The Internet started it all off--the (theoretical) creation of a world without borders. There's a problem, however: borders still remain. And those borders are inhabited by sovereign entities that dictate the rules for their respective domains. This creates another problem, for both consumers and producers: what rules are in force over a technology that has no regard for arbitrary geographic boundaries? Microsoft, in a move that protects it and the consumers it serves, has asked that current federal technology laws be updated, new ones implemented, and that international standards be devised, so that border-oblivious technologies will be protected.
Microsoft’s push for change is motivated by the advent and expansion of cloud computing. Brad Smith, General Counsel for Microsoft, in a keynote address delivered at the Brookings Institution in Washington, D.C., stated: “The PC revolution empowered individuals and democratized technology in new and profoundly important ways. As we move to embrace the cloud, we should build on that success and preserve the personalization of technology by making sure privacy rights are preserved, data security is strengthened and an international understanding is developed about the governance of data when it crosses national borders.”
The big concern for Microsoft is how clouds will be regulated and protected. Cloud computing won’t take-off unless consumers believe it secure, so consumer privacy is a must. To protect that privacy there needs to be rules that make punishing transgressors more certain. And all parties, including governments, need to be on board (as cloud computing transcends political boundaries). The benefits for providers and consumers are self-evident: consumers get the security they want, while producers have a stable environment within which to offer their product.
While it may seem odd to find Microsoft on the side of the angels, Smith makes a good point: there are no rules at present that govern cloud computing. Users have no protection from hackers, from providers, or from governments. Smith rightly notes: “The rise of cloud computing should not lead to the demise of the privacy safeguards in the Bill of Rights. The public needs prompt and thoughtful action to ensure that the rights of citizens and government are fairly balanced so that these rights remain protected.”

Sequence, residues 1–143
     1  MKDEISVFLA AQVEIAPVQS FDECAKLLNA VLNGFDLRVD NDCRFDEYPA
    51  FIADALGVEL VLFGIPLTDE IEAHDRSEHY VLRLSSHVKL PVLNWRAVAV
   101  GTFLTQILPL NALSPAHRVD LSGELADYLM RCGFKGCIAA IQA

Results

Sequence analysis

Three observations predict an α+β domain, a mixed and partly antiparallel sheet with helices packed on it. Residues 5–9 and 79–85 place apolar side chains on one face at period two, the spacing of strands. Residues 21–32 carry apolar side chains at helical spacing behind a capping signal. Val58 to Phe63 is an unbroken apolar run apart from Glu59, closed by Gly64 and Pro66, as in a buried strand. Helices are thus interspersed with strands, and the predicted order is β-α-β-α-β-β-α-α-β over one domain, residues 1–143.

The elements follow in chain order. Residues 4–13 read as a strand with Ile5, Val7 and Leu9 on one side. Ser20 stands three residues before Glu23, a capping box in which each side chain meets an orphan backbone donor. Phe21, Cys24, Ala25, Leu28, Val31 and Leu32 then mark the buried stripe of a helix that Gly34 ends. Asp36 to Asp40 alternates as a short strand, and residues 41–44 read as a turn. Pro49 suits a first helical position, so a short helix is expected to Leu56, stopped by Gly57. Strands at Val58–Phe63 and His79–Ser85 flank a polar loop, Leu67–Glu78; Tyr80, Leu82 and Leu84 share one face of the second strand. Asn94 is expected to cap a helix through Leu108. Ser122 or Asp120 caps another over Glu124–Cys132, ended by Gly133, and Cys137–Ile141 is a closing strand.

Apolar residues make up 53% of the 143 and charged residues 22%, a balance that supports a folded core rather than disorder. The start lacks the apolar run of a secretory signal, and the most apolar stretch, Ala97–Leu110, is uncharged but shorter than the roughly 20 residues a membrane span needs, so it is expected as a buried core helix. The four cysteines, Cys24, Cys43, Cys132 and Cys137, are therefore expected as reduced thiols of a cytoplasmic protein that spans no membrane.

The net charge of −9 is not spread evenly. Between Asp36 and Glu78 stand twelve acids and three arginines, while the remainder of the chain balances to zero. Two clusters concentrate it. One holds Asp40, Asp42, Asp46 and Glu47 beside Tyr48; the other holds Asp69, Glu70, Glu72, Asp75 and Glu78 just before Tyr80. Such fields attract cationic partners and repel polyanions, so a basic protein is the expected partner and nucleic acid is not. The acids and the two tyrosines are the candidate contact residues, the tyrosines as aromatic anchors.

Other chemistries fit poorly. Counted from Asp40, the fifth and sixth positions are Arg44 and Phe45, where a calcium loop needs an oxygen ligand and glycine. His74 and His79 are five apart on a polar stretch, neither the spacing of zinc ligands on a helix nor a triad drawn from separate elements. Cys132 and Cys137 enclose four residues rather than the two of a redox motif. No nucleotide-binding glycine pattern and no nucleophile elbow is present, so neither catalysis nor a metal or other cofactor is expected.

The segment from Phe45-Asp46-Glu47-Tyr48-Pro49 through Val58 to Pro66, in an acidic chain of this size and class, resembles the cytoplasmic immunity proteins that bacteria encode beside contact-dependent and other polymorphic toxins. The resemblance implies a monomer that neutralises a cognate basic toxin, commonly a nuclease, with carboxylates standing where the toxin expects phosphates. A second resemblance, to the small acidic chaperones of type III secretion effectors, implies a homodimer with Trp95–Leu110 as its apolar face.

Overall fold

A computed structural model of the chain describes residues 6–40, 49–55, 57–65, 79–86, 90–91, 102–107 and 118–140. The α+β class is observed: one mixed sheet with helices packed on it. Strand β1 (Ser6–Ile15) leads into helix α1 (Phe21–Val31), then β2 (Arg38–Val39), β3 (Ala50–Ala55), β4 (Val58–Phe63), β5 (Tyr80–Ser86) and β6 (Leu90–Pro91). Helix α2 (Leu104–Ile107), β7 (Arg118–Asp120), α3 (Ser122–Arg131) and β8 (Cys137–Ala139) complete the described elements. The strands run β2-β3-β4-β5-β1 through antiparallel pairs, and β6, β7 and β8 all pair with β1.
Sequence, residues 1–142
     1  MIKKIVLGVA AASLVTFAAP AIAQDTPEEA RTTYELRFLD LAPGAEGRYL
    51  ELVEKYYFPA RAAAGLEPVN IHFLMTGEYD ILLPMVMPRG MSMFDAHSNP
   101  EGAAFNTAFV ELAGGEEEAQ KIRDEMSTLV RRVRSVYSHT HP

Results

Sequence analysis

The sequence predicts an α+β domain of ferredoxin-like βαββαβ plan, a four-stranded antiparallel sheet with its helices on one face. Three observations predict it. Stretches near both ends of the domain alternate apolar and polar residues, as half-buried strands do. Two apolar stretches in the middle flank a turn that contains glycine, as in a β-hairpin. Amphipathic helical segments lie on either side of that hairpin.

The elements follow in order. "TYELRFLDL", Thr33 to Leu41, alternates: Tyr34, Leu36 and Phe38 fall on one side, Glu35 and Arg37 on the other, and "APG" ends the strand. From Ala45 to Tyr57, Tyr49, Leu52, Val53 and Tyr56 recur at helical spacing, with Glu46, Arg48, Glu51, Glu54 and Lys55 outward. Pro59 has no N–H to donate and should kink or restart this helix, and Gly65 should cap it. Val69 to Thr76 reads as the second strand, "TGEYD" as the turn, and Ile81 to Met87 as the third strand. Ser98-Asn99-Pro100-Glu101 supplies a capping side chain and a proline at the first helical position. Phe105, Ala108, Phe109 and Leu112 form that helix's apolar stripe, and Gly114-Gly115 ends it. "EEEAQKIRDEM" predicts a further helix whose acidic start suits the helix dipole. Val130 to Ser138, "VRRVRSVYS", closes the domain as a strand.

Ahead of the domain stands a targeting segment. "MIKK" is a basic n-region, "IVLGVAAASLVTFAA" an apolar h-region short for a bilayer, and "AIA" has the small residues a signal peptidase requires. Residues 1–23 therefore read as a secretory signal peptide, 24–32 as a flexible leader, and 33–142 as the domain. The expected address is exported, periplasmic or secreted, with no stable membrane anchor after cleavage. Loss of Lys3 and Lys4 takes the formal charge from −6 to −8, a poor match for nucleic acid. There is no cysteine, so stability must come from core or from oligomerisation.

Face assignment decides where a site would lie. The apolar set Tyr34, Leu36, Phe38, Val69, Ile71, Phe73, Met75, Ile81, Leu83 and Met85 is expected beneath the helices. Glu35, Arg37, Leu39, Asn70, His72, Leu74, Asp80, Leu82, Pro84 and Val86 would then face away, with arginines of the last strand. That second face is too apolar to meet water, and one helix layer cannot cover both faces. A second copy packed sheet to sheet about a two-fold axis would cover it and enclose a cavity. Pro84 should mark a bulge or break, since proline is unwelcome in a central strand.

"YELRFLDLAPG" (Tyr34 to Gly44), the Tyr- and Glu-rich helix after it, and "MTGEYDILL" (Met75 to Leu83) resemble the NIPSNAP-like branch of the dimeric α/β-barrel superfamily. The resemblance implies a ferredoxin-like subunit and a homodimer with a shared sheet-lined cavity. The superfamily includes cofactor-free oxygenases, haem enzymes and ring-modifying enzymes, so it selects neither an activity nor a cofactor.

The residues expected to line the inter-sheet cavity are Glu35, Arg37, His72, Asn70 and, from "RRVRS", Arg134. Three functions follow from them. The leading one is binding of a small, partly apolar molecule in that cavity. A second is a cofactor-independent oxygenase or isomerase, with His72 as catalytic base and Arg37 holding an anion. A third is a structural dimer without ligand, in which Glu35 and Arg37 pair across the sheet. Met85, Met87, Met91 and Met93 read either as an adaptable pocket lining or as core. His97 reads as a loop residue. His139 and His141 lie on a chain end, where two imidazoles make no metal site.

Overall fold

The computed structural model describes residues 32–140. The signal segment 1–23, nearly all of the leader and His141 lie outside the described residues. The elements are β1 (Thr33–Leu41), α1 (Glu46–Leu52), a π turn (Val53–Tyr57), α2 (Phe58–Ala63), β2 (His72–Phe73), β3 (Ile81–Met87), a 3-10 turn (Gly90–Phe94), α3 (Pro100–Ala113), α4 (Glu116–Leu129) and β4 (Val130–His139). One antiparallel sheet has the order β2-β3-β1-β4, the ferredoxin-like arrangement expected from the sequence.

The U.S. government's practice of seizing laptops through random searches at border crossings is again coming under scrutiny, this time by a pair of civil rights groups who are on the hunt for potential plaintiffs.
The groups include the American Civil Liberties Union and the National Association of Criminal Defense Lawyers, both of which have the support of the Electronic Frontier Foundation (EFF).
"This lawsuit will not seek monetary damages for individuals who have been searched; instead, it will focus exclusively on fixing the unconstitutional policy," wrote Jennifer Granick, civil liberties director and lawyer with the EFF.
To help bolster their chances in court, the groups are in search of lawyers whose laptops or other electronic gadgets were subject to search and/or seized at U.S. points of entry and exit.
It's been exactly a month since we last visited the topic of Google Chrome. With both Windows and OSX beta versions of the browser now supporting add-ons, and with nearly 1,500 possible extensions flooding the Chrome Extensions "marketplace" since December 8, 2009, it's about time to take another look at the overflowing mass of Chrome add-ons. Why? To build the perfect browser, of course. Allow me a moment to monologue:
I've been a Mozilla Firefox user for a long, long time. Simply put, I love extensions. Being able to build new elements into my browsing experience, from Cloud-based bookmark synchronization to Sudoku puzzles, has been one of the more awesome elements of using this piece of software. If only it was that easy to enhance or extend the usefulness of any program one installed!
I've been hesitant to switch to Chrome for this very reason--without add-on support, I'm missing out on 50- to 75-percent of the awesomeness I've build into my admittedly slower and more memory-hogging browser, Firefox. But that's an argument that's slowly dying away. A number of Firefox's best add-ons have made the conversion over to Google Chrome, and that's exactly what I'll be exploring in this Freeware Files roundup.
These extensions are the crème de la crème. The best. The add-ons you should rush to pack into any new installation of Google Chrome, period. But that's not all--I'm also going to take a look at some apps that interact with Google Chrome or, in some cases, replace Google Chrome entirely... you'll see what I mean when it comes to interesting alternatives!